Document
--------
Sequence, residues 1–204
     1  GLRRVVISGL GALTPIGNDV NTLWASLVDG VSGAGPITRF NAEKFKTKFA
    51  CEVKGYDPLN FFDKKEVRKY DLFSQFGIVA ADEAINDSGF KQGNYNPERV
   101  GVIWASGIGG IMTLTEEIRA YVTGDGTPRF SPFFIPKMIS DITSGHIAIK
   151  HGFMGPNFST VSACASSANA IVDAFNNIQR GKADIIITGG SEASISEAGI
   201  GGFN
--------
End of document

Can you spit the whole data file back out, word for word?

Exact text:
Sequence, residues 1–204
     1  GLRRVVISGL GALTPIGNDV NTLWASLVDG VSGAGPITRF NAEKFKTKFA
    51  CEVKGYDPLN FFDKKEVRKY DLFSQFGIVA ADEAINDSGF KQGNYNPERV
   101  GVIWASGIGG IMTLTEEIRA YVTGDGTPRF SPFFIPKMIS DITSGHIAIK
   151  HGFMGPNFST VSACASSANA IVDAFNNIQR GKADIIITGG SEASISEAGI
   201  GGFN